Egypt's Media City targeted by militants in 'Operation Tongue-Cutting'
Two electricity towers in the Egyptian capital will be out of action for a week after they were targeted by improvised explosives on Tuesday morning, the electricity minister said.
The towers are located in central Cairo’s Media City, an upscale district home to the headquarters of top media companies and television channels.
Transmission of major Egyptian satellite channels was cut off after the towers, which supply Media City, were targeted with four IEDs.
The channels are now running again after the Electricity Ministry supplied emergency generators as a temporary solution until the towers are repaired, after engineering work that is expected to cost over $100,000.
The attacks were claimed by a group called Revolutionary Punishment, which said in a statement that they had targeted the district’s electricity supply “as a final warning” as part of “Operation Tongue-Cutting”.
The state-run media district houses the headquarters of several leading local outlets – Media City head Osama Heikel told Egyptian daily al-Masry al-Yaum that the electricity towers had not been targeted “at random”.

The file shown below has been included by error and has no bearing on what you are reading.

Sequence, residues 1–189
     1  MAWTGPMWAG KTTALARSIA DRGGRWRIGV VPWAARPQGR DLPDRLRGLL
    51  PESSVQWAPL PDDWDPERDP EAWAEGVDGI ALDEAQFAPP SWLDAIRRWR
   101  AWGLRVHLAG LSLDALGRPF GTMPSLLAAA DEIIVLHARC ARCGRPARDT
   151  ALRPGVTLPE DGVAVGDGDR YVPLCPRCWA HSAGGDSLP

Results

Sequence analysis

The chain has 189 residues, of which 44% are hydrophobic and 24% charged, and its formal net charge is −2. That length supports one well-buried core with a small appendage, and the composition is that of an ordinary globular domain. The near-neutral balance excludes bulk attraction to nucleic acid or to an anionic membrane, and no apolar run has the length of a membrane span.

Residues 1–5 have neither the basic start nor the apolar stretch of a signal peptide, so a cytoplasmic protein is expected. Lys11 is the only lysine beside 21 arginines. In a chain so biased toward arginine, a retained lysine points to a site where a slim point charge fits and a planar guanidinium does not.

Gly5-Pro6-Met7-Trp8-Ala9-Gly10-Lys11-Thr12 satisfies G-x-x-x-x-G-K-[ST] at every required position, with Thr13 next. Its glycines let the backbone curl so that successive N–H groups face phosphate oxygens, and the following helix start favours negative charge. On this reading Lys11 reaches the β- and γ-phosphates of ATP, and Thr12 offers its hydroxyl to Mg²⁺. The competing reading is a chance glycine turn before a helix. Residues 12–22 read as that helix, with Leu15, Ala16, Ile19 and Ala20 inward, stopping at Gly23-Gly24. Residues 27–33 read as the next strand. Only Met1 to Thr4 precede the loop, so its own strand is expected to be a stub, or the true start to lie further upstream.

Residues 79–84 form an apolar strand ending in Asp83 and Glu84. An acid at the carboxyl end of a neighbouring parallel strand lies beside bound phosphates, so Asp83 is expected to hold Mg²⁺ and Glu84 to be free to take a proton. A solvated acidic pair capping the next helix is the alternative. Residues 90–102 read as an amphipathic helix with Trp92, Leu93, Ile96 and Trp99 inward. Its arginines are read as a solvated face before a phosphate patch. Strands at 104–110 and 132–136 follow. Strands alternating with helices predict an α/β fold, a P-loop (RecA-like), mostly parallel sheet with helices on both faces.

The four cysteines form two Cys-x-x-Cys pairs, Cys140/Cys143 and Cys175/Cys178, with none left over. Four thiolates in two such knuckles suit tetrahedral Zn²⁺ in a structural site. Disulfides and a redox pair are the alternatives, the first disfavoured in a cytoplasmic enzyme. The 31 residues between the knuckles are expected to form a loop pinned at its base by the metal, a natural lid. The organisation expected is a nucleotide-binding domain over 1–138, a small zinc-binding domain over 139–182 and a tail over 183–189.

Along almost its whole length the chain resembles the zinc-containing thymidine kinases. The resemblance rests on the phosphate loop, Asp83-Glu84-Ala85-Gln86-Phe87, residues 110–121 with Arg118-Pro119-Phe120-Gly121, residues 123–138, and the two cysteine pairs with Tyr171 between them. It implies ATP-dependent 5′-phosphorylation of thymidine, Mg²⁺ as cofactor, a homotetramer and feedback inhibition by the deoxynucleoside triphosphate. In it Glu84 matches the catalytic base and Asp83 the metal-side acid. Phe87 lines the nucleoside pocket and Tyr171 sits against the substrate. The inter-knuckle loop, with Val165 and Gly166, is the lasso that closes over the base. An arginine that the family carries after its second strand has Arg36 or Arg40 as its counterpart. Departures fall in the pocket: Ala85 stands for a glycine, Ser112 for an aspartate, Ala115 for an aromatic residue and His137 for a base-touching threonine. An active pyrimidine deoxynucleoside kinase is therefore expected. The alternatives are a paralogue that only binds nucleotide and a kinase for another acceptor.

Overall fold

Revolutionary Punishment, a relatively little-known militant group, has previously claimed responsibility for attacks on hotels, US-owned banks and mobile phone companies, which it claims are supportive of the Egyptian government.
Established after the fourth anniversary of the 25 January 2011 revolution that ousted longtime president Hosni Mubarak, the group is most known for attacks against KFC outlets.
Three of the group’s members were arrested just north of Cairo on Tuesday evening.
Sherif Mohy el-Din, a researcher of counter-terrorism and human rights at the Egyptian Initiative for Personal Rights, told Egyptian news site Mada Masr that the group’s activities are “unorganised and uncontrolled”.
Many have pointed the finger towards the Muslim Brotherhood, a group designated as terrorist by the Egyptian government that has been the subject of a fierce crackdown since the toppling of a Muslim Brotherhood president in 2013.
According to Mohy el-Din, the attacks highlight a growing rift between the Brotherhood’s assimilationist older members and its youth, who are drawn to more radical methods as state-led repression continues.
“We cannot yet say for sure that the Muslim Brotherhood as an organisation is formally moving towards violence, but the emergence of these groups at least say there is movement towards violence by its youth,” he said.
A number of prominent political parties also blamed the Brotherhood for Tuesday’s electricity tower attacks.
However, the Muslim Brotherhood has denied any connection to Revolutionary Punishment, saying in a statement last month that the group “has no relation to any groups or movements that commit violent acts”.
“Our revolution is peaceful and will remain so.”